Cross-promotion is an underrated yet compelling tool for mobile advertising. It has proven to be an effective way to promote apps, gain traffic and increase revenue. If you’re not sure what cross-promotion is, let’s do some catching up, before discussing the three ways you can utilize cross-promotion in your mobile game marketing strategy.
What is cross-promotion?
Cross-promotion is a co-operative marketing strategy in which two or more companies decide to promote each other’s products through their own products and services. For example, a chat app for teens could use its space to advertise a game designed for teenagers and vice-versa. That way, two apps tap into each other’s audience and expand their reach.
Now let’s dive into the top three ways to cross-promote your game.
Internal cross-promotion in your portfolio
If you’re a publisher with more than one app, you can use your own products to promote your other products. That should be your first step and honestly, if you’re not already doing it, you’re doing your mobile game marketing all wrong. There are companies out there that mastered this technique such as Ketchapp, which used its hit game 2048 to cross-promote other titles in its game portfolio. Another good example is A Creative Endeavor AB studio. They used the additional real estate of its in-game shop to promote other games from their portfolio.
By using this strategy, you’re appealing to your players by creating a sense of community throughout your products. Players that were encouraged to cross convert to your second title will remain highly loyal and will be more responsive to cross promotion of new titles in the future. They are therefore more likely to remain loyal to all apps in your portfolio.
The problem with this method is that you’re cannibalising your users. You’re not expanding, reaching new audiences, but effectively stealing time usually spent using one app, to use another. However, if you have an app with barely any in-app purchase options, and another one with a more complex virtual economy that engages more users to buy, you’d probably want to cross-promote them to that second game. There’s also the problem of user interface. Using an advertising network for cross-promotion usually means you’ll use their UI widgets supplied within their SDKs, whereas if you’re doing cross-promoting yourself, you’ll need to build the UI widgets as well.
Direct deals with other game developers
This is the core idea of cross-promotion. You find another game studio (or any other developer studio, for that matter), and agree to promote each other’s products. Through these strategic partnerships you can not only be certain that you’re targeting the right audience, but you can also get insights through mobile analytics exactly what the potential reach is, what the actual reach is, and how many people converted.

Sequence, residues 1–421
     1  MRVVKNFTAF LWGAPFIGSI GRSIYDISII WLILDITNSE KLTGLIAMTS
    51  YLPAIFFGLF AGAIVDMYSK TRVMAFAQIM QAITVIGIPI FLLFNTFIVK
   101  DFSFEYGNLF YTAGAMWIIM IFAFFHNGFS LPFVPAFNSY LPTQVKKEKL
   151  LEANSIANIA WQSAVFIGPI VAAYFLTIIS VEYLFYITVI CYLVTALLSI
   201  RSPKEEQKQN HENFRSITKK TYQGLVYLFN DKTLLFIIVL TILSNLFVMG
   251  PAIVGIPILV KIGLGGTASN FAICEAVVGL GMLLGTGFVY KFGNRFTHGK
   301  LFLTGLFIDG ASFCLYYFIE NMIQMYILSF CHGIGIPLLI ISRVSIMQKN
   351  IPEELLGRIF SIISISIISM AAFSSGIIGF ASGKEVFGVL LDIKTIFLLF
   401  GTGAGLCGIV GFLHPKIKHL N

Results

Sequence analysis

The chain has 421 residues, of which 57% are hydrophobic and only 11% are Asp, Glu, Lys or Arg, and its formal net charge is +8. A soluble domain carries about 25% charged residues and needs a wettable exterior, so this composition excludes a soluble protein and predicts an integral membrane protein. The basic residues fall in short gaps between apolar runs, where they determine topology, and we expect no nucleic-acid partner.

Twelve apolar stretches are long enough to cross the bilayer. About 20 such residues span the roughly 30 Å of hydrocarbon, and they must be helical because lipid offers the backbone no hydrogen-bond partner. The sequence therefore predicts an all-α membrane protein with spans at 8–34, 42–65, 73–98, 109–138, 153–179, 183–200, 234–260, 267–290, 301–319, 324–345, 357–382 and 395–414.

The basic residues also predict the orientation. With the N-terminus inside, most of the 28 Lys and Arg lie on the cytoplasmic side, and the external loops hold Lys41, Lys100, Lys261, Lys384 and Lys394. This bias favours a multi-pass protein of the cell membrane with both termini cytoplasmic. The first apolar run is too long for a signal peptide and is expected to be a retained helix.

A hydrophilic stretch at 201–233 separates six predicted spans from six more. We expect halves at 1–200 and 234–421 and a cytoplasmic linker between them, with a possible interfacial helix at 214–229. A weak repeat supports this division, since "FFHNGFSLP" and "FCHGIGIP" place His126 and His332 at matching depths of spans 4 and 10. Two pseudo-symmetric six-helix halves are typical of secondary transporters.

The good side of such a deal is the fact that you can expose your game to a huge audience, especially if your cross-promotion partner is a large game studio. However, this can also be a double-edged sword, as players can abandon your game to go play the other one. Truth be told, if you’re a part of an advertising network, this can always happen. It’s called the advertising dilemma for mobile games, and sometimes you just need to have faith in yourself and in your product. Through cross-promotion deals, there are ways to mitigate the risk. This deal usually works by the install-for-install principle. Your player installs your partner’s game – then your partner’s player installs your game. That way you can make sure that both sides (or all sides) get equal treatment.
The third principle builds on the two ideas posted above, taking all the advantages from both worlds and mixing it with a couple of additional opportunities. The in-game advertising operates through an ad network, where various game development studios come together to share their players with each other.
This is also a win-win situation, as both game developers are exposed to a much larger audience, and the audience is exposed to a much larger number of games. The latter is quite important because, if your game is not in the top 20 list of anything on an app store, its visibility will be extremely poor.
Ad networks are plenty, giving game developers ample opportunities for exposure: Supersonic, Chartboost, Tapdaq, to name a few. Obviously, the biggest advantage of such a network is its large exposure, as well as the fact that all the work agreeing the cross-promotion is done for you. However, you need to take into account the risks that come with it. You don’t know which games or ads will be served to you, and having your own portfolio’s games promoted through yours requires extra configuration and settings. You also need to take into consideration that this approach requires manually building the logic of ad frequency (when the ads will appear and in what order).
Having said all that, it’s obvious that cross-promotion is one of those mobile game marketing strategies that work and that have guaranteed results. If done right, it can be cheaper and more effective than other methods. It’s important to try various cross-promotion methods and find which method works best for you. Since cross-promotion is still not fully utilized, there are many opportunities to be found using this advertising tool.
Have you been using cross-promotion in your game? Leave a comment below and tell us your thoughts!
This is a guest blog post by Emily Goldring, Soomla’s Content & Online Marketing Manager. SOOMLA is a free, zero-coding analytics platform for mobile games.